Jim’s father, the pastor of the host congregation, preached. And he offered both practical guidance on being a pastor (e.g., “you are not establishing a career; you are called to minister.”) and the proud sentiment of a father whose son is following him into a vocation about which he himself is very proud and to which he himself seems deeply committed. I told him that I thought that what he preached was gospel. (But even so, he didn’t convince me that it’s a generally good thing for a friend or relative to preach on such occasions. The danger of the sermon’s becoming a kind of groom’s-dinner kind of toast is too great, even though that was not, I think, the case with Harl’s sermon.)

Most impressive for me about the whole affair, however, were the vows to preach and teach and lead the faithful in the truth – the truth as witnessed to in the Confessions, the Creeds, and the Scriptures. (The Lutheran rite is a little shallow on the rest of the Great Tradition, so there was, e.g., no mention of the ecumenical councils and the like.) This section struck me for a couple of reasons: First, the current Lutheran rite is a little less dire in its suggestion of the consequences of not being faithful to the vow than was the rite by which I was ordained and which continues to haunt me. And it was compelling because Jim and I had discussed that particular vow that day (so I knew that it was close to his heart, too.)

When I was ordained, the vow to minister faithfully carried the admonition – even threat – that I would be called to account before almighty God for my ministry. (The current rite frames the matter more mildly: “Before almighty God, to whom you must give account, ….”) I still take it seriously – especially when I’m pondering some new-sounding interpretation of theology or criticizing some “solid Lutheran” on a point of doctrine. When I teach classes at church, I will often warn the class that I’m about to go out on a limb and that they must test what I say because it may not be orthodox (though I pray it is) and I don’t want to mislead them. Sometimes I explain that I’m under a dire ordination admonition not to be flippant with the Church’s teachings and that the vow did not die when I left the “clergy roster.” To me, it is of the essence of the ordination right.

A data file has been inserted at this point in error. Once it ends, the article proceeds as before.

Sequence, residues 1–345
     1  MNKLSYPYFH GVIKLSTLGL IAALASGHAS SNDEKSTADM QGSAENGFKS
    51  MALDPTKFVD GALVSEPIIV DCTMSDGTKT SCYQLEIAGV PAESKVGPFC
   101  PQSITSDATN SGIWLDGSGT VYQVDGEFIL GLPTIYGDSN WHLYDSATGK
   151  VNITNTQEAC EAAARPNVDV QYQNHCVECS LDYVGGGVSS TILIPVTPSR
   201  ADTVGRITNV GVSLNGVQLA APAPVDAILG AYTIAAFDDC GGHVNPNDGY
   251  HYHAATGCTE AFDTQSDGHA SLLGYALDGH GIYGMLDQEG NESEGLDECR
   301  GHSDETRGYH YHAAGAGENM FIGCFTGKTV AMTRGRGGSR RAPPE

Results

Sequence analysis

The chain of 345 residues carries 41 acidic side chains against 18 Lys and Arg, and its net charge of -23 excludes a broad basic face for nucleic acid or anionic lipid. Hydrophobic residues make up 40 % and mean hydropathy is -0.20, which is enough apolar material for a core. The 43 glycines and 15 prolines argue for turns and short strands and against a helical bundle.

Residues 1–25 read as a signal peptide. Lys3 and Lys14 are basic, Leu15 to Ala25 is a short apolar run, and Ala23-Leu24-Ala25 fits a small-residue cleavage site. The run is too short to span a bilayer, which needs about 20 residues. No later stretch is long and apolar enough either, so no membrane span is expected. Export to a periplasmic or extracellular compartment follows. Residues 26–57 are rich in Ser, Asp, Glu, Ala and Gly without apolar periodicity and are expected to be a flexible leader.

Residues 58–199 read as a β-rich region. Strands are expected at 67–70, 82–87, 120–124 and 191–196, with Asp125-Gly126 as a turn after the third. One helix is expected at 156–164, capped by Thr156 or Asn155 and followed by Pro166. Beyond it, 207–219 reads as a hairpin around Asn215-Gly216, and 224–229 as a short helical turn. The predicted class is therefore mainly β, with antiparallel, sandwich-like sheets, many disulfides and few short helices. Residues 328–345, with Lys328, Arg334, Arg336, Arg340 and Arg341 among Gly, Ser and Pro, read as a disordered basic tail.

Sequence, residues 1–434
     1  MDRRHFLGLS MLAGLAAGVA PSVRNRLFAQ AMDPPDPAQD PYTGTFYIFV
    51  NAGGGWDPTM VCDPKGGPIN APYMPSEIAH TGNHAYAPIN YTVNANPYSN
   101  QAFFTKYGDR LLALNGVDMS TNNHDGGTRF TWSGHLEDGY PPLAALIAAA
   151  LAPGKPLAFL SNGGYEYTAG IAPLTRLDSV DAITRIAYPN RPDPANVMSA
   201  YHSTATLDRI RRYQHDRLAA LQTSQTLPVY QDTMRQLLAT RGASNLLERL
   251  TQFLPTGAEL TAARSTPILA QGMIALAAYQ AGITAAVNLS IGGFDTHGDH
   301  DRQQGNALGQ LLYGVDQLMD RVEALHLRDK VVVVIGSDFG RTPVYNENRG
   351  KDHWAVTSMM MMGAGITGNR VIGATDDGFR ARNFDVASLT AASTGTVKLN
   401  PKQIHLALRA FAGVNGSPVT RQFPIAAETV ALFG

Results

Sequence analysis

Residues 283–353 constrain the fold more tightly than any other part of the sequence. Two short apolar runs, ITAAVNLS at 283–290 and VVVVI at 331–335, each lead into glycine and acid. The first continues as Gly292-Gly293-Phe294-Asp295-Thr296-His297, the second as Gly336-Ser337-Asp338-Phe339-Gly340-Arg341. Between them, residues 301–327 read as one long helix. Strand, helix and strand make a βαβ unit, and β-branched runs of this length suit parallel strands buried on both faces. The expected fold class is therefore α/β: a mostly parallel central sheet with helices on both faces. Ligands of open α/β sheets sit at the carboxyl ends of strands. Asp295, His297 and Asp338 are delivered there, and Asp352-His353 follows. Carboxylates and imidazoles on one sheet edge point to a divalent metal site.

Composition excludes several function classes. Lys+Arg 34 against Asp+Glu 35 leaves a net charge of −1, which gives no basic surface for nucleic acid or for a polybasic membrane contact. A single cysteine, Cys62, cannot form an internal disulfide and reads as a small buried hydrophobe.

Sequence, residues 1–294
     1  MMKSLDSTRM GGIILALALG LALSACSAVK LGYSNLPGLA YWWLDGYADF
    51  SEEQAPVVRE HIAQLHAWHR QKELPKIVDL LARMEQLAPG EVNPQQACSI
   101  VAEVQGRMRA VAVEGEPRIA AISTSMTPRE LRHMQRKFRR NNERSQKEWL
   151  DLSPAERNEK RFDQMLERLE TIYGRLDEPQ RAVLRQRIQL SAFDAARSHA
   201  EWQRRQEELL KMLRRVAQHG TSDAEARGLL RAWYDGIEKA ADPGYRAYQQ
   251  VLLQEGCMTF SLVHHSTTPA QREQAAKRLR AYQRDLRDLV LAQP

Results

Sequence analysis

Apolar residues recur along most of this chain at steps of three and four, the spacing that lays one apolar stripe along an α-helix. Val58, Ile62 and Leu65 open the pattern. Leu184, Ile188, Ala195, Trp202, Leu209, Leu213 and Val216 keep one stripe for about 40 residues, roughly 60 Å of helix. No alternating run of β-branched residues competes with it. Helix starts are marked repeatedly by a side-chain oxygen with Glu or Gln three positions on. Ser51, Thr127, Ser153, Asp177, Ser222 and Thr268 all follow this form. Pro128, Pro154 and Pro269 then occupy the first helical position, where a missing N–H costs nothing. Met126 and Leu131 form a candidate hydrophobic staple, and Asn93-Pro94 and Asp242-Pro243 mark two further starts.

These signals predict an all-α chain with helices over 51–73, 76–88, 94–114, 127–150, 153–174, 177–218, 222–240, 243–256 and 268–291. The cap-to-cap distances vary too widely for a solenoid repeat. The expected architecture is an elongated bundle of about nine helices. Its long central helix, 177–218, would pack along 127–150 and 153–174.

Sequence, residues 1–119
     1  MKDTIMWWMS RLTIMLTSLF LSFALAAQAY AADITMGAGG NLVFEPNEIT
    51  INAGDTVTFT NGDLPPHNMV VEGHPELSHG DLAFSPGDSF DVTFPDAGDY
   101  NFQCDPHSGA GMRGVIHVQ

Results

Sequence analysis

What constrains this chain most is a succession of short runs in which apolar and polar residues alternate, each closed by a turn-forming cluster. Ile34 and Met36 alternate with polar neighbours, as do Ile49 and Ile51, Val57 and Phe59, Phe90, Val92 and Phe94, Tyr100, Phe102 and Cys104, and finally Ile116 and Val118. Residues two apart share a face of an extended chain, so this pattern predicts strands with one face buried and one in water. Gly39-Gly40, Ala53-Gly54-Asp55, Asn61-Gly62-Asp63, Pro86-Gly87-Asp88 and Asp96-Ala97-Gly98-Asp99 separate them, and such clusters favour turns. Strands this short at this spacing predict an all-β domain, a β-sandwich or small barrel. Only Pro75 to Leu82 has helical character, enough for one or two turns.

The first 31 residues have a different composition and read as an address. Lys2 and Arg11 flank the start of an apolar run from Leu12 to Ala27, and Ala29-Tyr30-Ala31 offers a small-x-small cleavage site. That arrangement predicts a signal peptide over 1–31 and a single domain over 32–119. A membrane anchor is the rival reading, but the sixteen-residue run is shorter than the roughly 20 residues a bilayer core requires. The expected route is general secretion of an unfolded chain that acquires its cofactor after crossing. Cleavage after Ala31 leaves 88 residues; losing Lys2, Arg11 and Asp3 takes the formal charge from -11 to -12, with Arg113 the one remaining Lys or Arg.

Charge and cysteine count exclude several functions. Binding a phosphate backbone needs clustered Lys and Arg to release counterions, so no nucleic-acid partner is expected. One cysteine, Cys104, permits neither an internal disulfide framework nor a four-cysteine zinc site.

I’m delighted that Jim understands that he must labor under the same warning, however it is couched in current rites. He knows that to be a pastor is to have a specific message to communicate – not just any old thing that makes people feel good. That message has content – and it has a history: He may not just “make it up on the spot,” but must draw it from the 2000 years of the Church’s teaching and preaching. (That’s not to say that the message – the Gospel – doesn’t need translating into new terms and new situations. But the big “hermeneutical” task is to be sure to say what the Church has always said.)

That is a condition not readily acknowledged by a whole host of those ordained – at least as I come into contact with Lutheran pastors. There is almost glee on the part of many as they jettison the traditional teachings (no matter how modernly dressed) in favor of new messages, false gospels, and the like. I regularly hold up Bishop Spong as a negative example: I cite him because he’s not a Lutheran and so he doesn’t evoke some of the emotion that would rise were I to name some Lutherans. (Many Lutherans appreciate him – the more the pity – but they still tend to view him as something of an anomaly, not someone from “within the family.” It’s possible to deal with him more objectively, then.) Bishop Spong seems willing to give away the dogmatic store for the sake of making people feel better about and welcome in Church. And I am alarmed for him (as well as by him). Not only is he sowing discord among the Body of Christ, but also he is riding for a fabulous fall at the last judgment.